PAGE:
You may not be aware of this, but many people here are already well-acquainted with your argument. It isn’t particularly new, and has been argued on these pages and elsewhere long before Meyer wrote his book (given his background, I am almost certain he was aware of it himself). Despite the twist du jour, the argument is the same as it has always been; to escape the design inference one must deny that the self exist. The problem is that none of you cats can ever develop a rationale for doing so, and you virtually always deposit the idea right where it hurts – like a bandage for the self-inflicted wound of ignoring the self-evident – and then you act like you didn’t mean it in virtually every other thing you do in life. One smells a rat.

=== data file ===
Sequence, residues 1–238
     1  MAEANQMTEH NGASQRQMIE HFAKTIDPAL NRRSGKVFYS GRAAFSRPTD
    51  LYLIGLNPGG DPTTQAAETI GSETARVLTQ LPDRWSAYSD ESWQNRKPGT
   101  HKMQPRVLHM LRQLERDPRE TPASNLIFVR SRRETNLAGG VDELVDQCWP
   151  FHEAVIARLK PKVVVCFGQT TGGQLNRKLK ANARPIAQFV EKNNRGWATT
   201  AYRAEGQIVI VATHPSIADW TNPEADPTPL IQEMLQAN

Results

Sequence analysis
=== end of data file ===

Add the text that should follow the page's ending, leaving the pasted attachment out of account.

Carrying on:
Of course you’ve sought to immunize yourself here by claiming you are disinterested in any such arguments, only to then assume them fully within your comments.

    In any case, I am appropriately leery of any empirical quest that begins by demanding that I must ignore homeplate for the practice of empiricism itself. This is not a strength. It is not a sign of post modern wisdom or a cleansing of the intellectual pallet. It’s just the same old philosophical sales pitch it’s always been, and in your case its part of a rabbit trick for the reasons I’ve already noted.

    And what it is that I am to give my self up for? What? What is it? Because some people believe some weird things? Because some people kill each other and fart on the elevator? Because even really smart people follow errors in their perception? Sorry, but these peculiarities are hardly up to the task of causing me think I am not here.